Only a few days to go: We’re raising £25,000 to keep TheyWorkForYou running and make sure people across the UK can hold their elected representatives to account.

Donate to our crowdfunder

[Un-allotted Half Day] — Fuel Costs

Part of Opposition Day – in the House of Commons at 7:15 pm on 7th February 2011.

Alert me about debates like this

Photo of David Gauke David Gauke The Exchequer Secretary 7:15 pm, 7th February 2011

I will turn to the stabiliser in a moment. My hon. Friend has touched on a point that my hon. Friend David Morris and my hon. and learned Friend Stephen Phillips also raised, which is the deficit that we face. It is only by coming up with a credible plan to balance the books that we have managed to create the confidence needed for a recovery. To get there, we have had to make some tough decisions, such as raising certain taxes, including VAT, and cutting public expenditure in the teeth of opposition from the Labour party to all our plans.

One of the few things that we inherited that would reduce the deficit were the previous Government's plans to increase fuel duty. We heard quite a lot from the Opposition spokesperson, Kerry McCarthy, about VAT. It is worth pointing out that the Labour Budgets of 2009 and 2010 involved the following increases in fuel duty: in September 2009, there was a 2p increase; in 2010, there was a 2.76p increase; and there are 1p increases in 2011, 2012, 2013 and 2014. In total, the increase is about 9p a litre. We cannot dismiss those increases without knowing how we can fund any shortfall.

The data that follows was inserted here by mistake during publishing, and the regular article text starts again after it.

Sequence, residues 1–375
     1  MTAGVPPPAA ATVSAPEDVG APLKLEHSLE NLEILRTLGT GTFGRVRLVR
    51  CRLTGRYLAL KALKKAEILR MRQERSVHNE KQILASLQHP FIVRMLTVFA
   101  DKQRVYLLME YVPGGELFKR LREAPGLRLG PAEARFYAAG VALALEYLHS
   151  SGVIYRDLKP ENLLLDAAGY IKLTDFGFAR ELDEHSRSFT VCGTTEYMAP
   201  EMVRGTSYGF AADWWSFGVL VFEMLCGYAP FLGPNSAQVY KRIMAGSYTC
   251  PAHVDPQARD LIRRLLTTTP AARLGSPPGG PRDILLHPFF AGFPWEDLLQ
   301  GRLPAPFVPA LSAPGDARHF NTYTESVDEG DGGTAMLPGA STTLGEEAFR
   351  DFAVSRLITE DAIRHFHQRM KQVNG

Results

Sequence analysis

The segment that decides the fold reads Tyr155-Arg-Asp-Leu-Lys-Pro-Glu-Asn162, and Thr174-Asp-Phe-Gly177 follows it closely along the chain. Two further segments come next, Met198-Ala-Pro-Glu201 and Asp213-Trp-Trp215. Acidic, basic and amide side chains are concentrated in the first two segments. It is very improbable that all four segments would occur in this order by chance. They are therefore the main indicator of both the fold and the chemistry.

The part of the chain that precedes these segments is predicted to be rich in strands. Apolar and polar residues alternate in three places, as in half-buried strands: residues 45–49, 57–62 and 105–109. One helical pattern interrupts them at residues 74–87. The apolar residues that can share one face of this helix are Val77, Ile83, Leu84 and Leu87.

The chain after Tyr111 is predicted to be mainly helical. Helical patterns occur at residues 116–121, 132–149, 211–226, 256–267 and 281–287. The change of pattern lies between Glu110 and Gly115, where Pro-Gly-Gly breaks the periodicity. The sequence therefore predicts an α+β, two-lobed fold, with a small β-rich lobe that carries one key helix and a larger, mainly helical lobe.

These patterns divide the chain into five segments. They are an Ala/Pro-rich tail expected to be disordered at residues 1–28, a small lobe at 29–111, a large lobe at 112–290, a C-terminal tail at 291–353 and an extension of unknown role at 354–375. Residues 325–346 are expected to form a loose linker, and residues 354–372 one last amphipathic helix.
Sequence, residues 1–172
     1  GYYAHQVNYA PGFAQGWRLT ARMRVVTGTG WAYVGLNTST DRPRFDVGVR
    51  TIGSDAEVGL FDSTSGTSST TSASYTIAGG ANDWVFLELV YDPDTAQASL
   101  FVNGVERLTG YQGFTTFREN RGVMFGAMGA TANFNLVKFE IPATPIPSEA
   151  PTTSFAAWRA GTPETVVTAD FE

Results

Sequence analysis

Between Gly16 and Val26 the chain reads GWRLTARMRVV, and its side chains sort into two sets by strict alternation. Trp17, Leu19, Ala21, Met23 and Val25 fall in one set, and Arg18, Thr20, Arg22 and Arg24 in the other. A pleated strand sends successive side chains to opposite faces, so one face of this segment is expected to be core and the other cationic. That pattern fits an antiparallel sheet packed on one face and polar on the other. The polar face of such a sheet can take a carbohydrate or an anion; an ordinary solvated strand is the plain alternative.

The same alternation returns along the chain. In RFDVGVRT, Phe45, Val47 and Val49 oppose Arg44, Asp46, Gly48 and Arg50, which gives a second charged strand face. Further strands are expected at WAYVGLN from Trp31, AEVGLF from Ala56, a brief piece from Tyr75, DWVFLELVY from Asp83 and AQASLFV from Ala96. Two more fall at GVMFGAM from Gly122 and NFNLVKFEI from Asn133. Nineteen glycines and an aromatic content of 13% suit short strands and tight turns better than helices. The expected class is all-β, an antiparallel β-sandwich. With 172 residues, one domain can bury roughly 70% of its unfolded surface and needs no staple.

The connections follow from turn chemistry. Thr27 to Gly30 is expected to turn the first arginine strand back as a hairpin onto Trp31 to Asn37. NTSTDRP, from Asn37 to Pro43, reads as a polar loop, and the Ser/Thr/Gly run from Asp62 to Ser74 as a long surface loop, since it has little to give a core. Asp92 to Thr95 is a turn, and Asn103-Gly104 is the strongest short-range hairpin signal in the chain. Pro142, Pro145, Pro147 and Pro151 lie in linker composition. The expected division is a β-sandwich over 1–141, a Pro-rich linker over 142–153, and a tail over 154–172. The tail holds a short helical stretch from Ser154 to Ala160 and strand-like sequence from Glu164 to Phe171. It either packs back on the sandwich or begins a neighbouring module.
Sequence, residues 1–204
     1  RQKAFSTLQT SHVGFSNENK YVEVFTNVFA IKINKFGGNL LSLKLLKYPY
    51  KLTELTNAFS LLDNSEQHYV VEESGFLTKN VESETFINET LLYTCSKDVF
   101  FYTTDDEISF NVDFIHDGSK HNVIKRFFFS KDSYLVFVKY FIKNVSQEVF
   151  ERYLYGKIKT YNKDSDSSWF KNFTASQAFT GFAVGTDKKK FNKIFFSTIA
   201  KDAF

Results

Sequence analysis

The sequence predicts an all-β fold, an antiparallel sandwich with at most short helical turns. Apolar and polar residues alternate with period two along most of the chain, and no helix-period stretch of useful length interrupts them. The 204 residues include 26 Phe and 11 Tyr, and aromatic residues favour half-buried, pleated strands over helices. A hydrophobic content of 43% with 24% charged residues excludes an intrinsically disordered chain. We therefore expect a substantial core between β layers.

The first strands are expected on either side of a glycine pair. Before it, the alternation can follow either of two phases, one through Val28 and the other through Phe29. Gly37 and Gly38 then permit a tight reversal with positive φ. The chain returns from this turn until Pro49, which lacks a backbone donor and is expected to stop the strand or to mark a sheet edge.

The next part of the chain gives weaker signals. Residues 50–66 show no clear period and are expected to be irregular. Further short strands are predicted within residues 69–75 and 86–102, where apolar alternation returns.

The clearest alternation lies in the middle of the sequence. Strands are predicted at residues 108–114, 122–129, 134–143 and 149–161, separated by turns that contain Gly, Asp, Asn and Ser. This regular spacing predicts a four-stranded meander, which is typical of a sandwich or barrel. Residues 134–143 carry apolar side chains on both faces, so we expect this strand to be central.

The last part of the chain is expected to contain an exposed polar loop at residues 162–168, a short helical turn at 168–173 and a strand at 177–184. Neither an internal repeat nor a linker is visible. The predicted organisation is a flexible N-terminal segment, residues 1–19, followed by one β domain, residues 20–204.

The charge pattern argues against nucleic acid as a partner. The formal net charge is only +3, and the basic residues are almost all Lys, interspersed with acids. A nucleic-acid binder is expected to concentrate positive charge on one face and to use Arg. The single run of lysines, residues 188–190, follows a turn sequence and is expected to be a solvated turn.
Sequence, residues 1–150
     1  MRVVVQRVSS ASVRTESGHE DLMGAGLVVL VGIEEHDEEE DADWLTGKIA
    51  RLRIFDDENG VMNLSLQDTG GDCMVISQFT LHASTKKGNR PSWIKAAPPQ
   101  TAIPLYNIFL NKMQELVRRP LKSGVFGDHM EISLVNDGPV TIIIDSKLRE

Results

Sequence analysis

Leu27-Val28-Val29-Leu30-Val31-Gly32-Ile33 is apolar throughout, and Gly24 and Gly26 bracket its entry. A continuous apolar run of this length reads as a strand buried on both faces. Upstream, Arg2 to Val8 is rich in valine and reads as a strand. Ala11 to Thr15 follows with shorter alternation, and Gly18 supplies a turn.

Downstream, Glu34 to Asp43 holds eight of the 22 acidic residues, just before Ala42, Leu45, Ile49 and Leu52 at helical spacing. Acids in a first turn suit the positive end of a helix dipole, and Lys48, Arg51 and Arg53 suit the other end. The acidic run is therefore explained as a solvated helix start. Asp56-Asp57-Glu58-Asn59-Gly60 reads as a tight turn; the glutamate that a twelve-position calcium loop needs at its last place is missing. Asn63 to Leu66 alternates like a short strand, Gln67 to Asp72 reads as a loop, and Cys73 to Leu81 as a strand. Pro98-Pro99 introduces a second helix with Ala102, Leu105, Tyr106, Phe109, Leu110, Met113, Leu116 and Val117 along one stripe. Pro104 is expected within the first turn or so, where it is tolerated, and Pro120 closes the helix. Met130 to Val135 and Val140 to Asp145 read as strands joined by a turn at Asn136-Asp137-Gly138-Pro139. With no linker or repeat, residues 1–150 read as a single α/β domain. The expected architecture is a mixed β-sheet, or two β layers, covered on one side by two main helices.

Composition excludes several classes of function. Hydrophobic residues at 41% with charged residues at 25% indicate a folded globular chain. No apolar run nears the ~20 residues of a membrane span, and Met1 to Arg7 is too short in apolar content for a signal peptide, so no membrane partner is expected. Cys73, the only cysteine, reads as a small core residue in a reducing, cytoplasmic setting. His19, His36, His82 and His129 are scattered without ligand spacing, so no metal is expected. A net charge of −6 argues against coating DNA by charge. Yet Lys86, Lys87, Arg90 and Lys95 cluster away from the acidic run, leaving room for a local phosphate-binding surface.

As the Prime Minister said over the weekend, we

"would love to see tax reductions...but when you're borrowing 11% of your GDP, it's not possible."

So although I sympathise with the points made by hon. Members from all parts of the House, our decisions on tax must be viewed in that context, where every penny we increase fuel duty by raises an additional £500 million and if we cut fuel duty, that money will have to come from somewhere else.